Even more troubling is that so-called ethics reforms don’t address lots of other continuing problems with accountability and transparency at the Statehouse.
An example: the way elected representatives cozy together to elect family members as trustees to state colleges and universities. In recent weeks, lawmakers elected 10 trustees with ties to family members, including at least one who didn’t meet filing deadlines.
“If the members of the General Assembly already know who they want in the position, that’s who’s getting the seat,” said Charleston philanthropist Susan Pearlstine, who lost a seat on the MUSC board to a brother of state Rep. Leon Stavrinakis, D-Charleston. “There were so many examples of that with the legislator’s relatives.”
You’d think such legislative collusion would spark outrage to upend the way trustee candidates are screened by requiring them to meet certain standards and involving institutions more. Nope. Instead, lawmakers took a couple of days of bad headlines and moved on with the good-ole-boy system that’s worked for them for years.
There are lots of things the General Assembly could change if it were really serious about increasing transparency and accountability about state government. It could strengthen open records laws, create competitive legislative districts, open the budgeting process more, reduce the overwhelming legislative influence for appointments on countless boards and commissions, and shine sunshine on the process that millions of state tax dollars are awarded as incentives to big businesses that want to move here.
Even if state lawmakers have time this year to pass the ethics reforms that are on the table now, they still have a lot of work to do if they want to make “accountability and transparency” more than an election-time gimmick.
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What's I've learned over 30 years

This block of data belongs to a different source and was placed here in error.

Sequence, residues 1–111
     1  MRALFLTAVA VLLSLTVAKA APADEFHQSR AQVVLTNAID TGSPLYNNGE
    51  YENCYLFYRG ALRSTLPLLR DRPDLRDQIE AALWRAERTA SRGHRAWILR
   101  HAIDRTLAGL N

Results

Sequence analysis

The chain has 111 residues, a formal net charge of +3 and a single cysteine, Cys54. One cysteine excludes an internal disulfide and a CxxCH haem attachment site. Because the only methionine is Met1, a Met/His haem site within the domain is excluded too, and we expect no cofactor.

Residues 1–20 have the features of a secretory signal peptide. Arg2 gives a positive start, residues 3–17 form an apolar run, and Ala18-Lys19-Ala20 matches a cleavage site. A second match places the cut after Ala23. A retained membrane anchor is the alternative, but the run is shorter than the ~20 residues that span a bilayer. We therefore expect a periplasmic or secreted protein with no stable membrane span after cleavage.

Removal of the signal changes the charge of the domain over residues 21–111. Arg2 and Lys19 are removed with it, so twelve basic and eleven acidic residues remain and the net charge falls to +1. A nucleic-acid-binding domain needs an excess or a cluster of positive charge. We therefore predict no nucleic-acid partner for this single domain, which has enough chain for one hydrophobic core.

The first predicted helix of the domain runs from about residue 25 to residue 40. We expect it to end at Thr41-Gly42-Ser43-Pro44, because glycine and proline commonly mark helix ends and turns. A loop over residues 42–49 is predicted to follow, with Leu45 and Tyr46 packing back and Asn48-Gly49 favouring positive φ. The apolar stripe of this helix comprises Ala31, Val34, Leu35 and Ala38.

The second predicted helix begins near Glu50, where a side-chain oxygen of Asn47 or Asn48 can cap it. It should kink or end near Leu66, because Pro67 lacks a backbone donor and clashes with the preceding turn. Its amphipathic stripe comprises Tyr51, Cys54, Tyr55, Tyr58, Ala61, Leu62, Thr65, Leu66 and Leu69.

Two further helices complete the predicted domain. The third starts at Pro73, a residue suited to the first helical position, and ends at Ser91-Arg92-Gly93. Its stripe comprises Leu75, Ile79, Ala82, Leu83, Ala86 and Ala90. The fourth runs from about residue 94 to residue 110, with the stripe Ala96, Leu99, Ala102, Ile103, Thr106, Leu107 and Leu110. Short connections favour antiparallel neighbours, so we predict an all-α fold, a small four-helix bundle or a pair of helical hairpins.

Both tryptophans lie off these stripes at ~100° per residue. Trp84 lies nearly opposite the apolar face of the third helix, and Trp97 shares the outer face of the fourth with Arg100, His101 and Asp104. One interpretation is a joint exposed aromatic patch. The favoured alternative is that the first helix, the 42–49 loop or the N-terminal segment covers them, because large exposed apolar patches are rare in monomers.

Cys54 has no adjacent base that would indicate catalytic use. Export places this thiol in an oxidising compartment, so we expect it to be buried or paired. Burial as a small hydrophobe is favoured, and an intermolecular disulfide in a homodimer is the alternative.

By REBA CAMPBELL
Special to Statehouse Report
EDITOR’S NOTE: Reba Campbell, deputy executive director of the Municipal Association of South Carolina, sent an email around to friends and colleagues about lessons learned in 30 years in business. We thought you’d enjoy these tips as smart things to do for anybody in the workplace as well as new grads starting out in new jobs.
MAY 24, 2013 -- Yesterday marked the 30th anniversary of my first day in the work world. I walked into 128 Cannon House Office Building at the U.S. Capitol and started my job as a receptionist for Congressman Robin Tallon after he hired me, sight unseen, over the phone three weeks earlier. It had been nine days since I crossed the stage at USC to get my journalism degree (and paid some $300 to settle up my parking tickets).
I had a head full of big permed hair, big expectations and little idea of what I was supposed to do as an employed and fully responsible adult. Looking back, I didn’t have specific career goals in mind at that point, but I did know what I was good at and the type of work I wanted to pursue. Here, 30 years later, I’ve been fortunate to have a rewarding career that combines my love of writing, communications and politics with my curiosity about people and places.